SSL Legacy Renegotiation failure

Be sure to check out Troubleshooting SSL Issues as it provides a quick step by step guide that might fix your problem without getting too technical. If this is not enough to solve your issues, this page offers more in depth information.


You are hitting error notifications that contain: OpenSSL and SSL: UNSAFE_LEGACY_RENEGOTIATION_DISABLED when calling out different APIs.

The feature is also called Secure renegotiations in some cases.

The source tool and target systems can vary a lot:

  • pip calls can fail when loading data from PyPI
  • Robocorp Vault calls can fail in robot runs
  • Calls to APIs like Salesforce can fail randomly.


Some servers or MITM Firewall setups seem to be still using the SSL Legacy Renegotiation methods, and now (09/2023), after OpenSSL has officially moved to v3, that by default considers this as an error, multiple tools are hitting this problem.

Legacy SSL renegotiation is an outdated and insecure method for establishing secure connections on the internet. To enhance security and protect against vulnerabilities, SSL Legacy Renegotiation has known vulnerabilities, such as the "Renegotiation Attack," which can lead to session hijacking and other security threats, so it's crucial to move to the latest TLS (Transport Layer Security) versions and adopt the new renegotiation system. Source: CVE-2009-3555


1. Address the Root Cause

Your first step should always be identifying and contacting the host system responsible for the error. Request that they update their systems to use the latest TLS version and adopt the new renegotiation methods. To identify the problematic host system, check the server hostname or URL provided in the error logs.

If you are behind a MITM Firewall or proxy, the source of the error can also be the firewall host.
> Troubleshooting and tools contains details and helper tools for your IT to identify the root cause based on the URL or hostname

2. Workaround

๐Ÿ‘‰The workaround should be seen as a temporary solution, but unfortunately, there are still a lot of servers out there that have not enabled the secure renegotiation.

The workaround is to allow the legacy renegotiation.

The workaround needs to be set for different tool stacks, so at the moment, there are two steps:

  • Allow for NodeJS applications and tools
  • Allow for Python and libraries

2.1. Allow Legacy Renegotiation for NodeJS

  • Create a config file with the following content:

    • For example, on Windows: C:\programdata\robocorp-openssl\openssl.cnf

      nodejs_conf = openssl_init [openssl_init] ssl_conf = ssl_sect [ssl_sect] system_default = system_default_sect [system_default_sect] Options = UnsafeLegacyRenegotiation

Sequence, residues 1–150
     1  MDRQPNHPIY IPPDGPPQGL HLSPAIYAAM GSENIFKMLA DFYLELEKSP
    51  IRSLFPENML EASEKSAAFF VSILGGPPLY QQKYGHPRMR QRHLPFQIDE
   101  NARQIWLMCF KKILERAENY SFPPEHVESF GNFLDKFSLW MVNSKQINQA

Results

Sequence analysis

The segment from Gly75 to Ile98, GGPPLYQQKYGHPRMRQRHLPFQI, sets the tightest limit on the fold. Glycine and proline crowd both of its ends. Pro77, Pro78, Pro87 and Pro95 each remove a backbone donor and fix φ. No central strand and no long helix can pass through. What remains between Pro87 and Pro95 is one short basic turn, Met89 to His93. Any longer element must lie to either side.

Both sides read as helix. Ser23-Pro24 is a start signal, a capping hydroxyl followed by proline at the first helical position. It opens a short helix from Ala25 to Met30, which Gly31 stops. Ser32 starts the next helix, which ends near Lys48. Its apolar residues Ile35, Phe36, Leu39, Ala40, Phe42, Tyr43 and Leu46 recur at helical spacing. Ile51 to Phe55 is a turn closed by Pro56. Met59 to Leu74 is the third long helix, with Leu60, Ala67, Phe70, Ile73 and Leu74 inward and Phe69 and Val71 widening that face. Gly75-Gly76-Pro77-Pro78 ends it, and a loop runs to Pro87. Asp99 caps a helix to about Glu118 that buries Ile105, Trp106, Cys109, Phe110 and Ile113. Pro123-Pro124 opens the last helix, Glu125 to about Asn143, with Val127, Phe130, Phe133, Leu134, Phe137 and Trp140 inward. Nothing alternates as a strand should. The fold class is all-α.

• Add an environment variable OPENSSL_CONF that points to the config file

    • Example: OPENSSL_CONF=C:\programdata\robocorp-openssl\openssl.cnf

2.2. Allow Legacy Renegotiation for the Python tool stack

For the Python side and libraries, we have added support in our libraries and tools for an environment variable to set this config on the Python level for the Robocorp tool stack.

๐Ÿ‘‰ Update the dependencies of your automations to support the latest libraries.

channels: - conda-forge dependencies: - python=3.10.12 - pip=23.2.1 - robocorp-truststore=0.8.0 - pip: - --use-feature=truststore - rpaframework==27.4.1 # or later - robocorp==1.0.0 # or later

Python 3.10.12 is enables the use of robocorp-truststore, which in turn enables:
--use-feature=truststore -flag that guides pip also to leverage system certificates.

๐Ÿ‘‰ We recommend using the RCC profile to control the Python tool stack side

  • Requires RCC v16.5.0 or later

  • RCC profile supports legacy-renegotiation-allowed: true (example below)

    certificates: legacy-renegotiation-allowed: true
  • Setup Utility: The latest version also has UI support for setting this

  • You can also directly set the environment variable RC_TLS_LEGACY_RENEGOTIATION_ALLOWED=true

Tools and tests

This section is mainly meant for IT-level users to find the correct source host.

If you suspect a Man-in-the-Middle (MITM) firewall or proxy issue, use RCC to run rcc config diagnostics and check TLS versions and certificate provider names. Look for the "certificate issued by" field to identify potential MITM interference. For example, the output for should contain GlobalSign; otherwise, you are probably behind an MITM firewall.

We offer specialized tools to simplify the process:

  • From RCC v16.6.0, we have a direct command to test specific hosts TLS supports:
    • The command below tests the HTTPS port for and the IMAP connection to the Outlook email server.
    • rcc config tlsprobe
    • The output contains results for different TLS versions, used cipher and certificates, and other details that help the more complex troubleshooting cases.
  • In Setup Utility, you can define Additional diagnostic checks, and there is a separate tls -section support.
  • TLS Logging bot

You can also consider using readily available tools like curl, OpenSSL, or Wireshark to find more details on the target host.

Last edit: October 12, 2023